Ex-CIA Boss Blames Millennials For Wave Of Damning Government Leaks

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The CIA’s chickens have come home to roost as distrust of the agency swells amid recent revelations from WikiLeaks regarding the agency’s extensive spying and hacking practices.

Rather than examining the problems inherent to the CIA’s extensive power to hack into smart phones, for example, the government has focused its efforts on a quest to discover who leaked the sensitive documents. In one apparent attempt to explain away the damning findings, former CIA Director Michael Hayden recently told BBC news that millennials are the weak link because they do not view loyalty and secrecy in the same light as previous generations.

“In order to do this kind of stuff, we have to recruit from a certain demographic,” he said in reference to government surveillance. “And I don’t mean to judge them at all, but this group of millennials and related groups simply have different understandings of the words loyalty, secrecy, and transparency than certainly my generation did.”

He continued:

So we bring these people into the agency – good Americans all, I can only assume – but again, culturally, they have different instincts than the people who made the decision to hire them, and we may be running into this different cultural approach.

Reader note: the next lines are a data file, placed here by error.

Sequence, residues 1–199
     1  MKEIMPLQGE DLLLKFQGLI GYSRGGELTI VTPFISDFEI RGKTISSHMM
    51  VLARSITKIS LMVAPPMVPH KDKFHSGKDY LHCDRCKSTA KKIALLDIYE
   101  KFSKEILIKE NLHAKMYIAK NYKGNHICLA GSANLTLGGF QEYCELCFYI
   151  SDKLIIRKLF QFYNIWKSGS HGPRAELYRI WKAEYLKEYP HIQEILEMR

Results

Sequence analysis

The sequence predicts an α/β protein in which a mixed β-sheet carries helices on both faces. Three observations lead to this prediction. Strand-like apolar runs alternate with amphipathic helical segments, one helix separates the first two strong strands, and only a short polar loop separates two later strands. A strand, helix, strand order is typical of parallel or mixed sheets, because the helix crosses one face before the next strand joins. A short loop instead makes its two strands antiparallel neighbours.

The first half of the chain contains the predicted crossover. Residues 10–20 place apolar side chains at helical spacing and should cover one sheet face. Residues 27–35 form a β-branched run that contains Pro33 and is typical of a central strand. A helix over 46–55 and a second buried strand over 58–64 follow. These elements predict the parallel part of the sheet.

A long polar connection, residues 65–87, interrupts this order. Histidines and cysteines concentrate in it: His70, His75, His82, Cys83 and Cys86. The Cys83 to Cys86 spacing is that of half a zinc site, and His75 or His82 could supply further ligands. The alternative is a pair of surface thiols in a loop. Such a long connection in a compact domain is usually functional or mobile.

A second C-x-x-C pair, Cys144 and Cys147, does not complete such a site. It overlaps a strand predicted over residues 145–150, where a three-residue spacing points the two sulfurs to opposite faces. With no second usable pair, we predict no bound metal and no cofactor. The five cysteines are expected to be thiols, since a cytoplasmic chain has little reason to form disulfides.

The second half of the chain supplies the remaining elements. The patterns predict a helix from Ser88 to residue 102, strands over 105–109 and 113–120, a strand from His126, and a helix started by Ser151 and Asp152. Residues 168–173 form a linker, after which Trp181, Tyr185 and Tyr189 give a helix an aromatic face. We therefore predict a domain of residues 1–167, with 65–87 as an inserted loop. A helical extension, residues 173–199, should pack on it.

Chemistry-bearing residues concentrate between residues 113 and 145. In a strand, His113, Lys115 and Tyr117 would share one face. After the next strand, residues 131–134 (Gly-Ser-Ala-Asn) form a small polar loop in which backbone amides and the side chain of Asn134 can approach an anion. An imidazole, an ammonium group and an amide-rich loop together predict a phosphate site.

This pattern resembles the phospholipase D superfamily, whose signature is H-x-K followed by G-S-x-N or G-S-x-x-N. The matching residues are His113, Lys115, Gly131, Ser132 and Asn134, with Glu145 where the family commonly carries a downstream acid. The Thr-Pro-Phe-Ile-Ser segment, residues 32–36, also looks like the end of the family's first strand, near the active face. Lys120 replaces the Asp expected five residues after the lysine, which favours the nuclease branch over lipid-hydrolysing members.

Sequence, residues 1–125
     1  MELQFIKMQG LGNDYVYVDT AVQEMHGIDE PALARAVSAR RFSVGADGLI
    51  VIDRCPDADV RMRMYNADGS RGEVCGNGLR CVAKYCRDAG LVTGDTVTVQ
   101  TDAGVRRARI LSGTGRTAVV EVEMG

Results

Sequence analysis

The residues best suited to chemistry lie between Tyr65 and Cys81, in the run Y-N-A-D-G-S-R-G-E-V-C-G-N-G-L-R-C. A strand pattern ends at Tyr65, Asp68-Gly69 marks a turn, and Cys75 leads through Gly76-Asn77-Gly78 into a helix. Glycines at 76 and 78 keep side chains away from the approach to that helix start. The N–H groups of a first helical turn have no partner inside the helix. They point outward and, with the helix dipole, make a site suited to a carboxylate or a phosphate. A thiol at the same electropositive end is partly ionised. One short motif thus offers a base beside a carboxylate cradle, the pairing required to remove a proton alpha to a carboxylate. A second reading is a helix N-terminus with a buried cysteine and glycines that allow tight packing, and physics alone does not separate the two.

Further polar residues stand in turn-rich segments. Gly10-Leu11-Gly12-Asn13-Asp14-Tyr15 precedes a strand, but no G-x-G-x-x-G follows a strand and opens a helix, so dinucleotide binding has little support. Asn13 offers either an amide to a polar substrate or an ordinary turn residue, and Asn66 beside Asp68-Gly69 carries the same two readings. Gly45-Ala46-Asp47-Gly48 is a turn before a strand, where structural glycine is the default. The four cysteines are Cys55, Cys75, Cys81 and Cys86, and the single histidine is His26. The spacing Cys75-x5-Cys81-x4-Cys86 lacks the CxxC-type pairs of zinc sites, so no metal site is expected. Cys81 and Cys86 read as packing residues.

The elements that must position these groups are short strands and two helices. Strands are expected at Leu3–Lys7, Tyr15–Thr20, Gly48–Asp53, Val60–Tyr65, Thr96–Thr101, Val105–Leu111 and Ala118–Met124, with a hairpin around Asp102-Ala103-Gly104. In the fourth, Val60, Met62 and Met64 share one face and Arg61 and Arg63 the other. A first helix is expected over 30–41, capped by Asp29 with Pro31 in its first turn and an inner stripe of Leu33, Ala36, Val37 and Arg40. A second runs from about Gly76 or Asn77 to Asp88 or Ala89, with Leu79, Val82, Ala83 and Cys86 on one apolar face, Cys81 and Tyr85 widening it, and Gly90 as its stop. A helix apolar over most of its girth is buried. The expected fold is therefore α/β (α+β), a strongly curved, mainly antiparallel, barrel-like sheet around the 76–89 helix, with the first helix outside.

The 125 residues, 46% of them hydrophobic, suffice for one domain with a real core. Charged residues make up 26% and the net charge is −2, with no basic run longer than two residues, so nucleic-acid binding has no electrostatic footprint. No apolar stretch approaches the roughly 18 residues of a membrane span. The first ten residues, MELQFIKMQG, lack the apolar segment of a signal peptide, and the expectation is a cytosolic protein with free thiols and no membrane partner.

He singled out Chelsea Manning and Edward Snowden, both millennial whistleblowers who made massive waves when they revealed nefarious activities on the part of the federal government.

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On one hand, Hayden is correct in his assessment that millennials have different understandings of “loyalty, secrecy, and transparency.” As the Intercept pointed out:

A 2013 Pew poll found that millennials were more skeptical of government surveillance than any other age group — with 45 percent of millennials saying it was more important for the federal government to ‘not intrude on personal privacy, even if that limits its ability to investigate possible terror threats’ than ‘to investigate possible terrorist threats, even if that intrudes on personal privacy.’

They compared with just 26% of those aged 65 and older.

Further, at least some members of previous generations did appear to display more fervent loyalty to the government. Renowned journalist Carl Bernstein reported in 1977 that journalists were covertly working in tandem with the CIA — and that they felt a strong sense of duty and loyalty to the agency in doing so:

[T]the journalists tended to see themselves as trusted friends of the Agency who performed occasional favors—usually without pay—in the national interest.

Bernstein reported that one prominent columnist later said, “I’m proud they asked me and proud to have done it. The notion that a newspaperman doesn’t have a duty to his country is perfect balls.”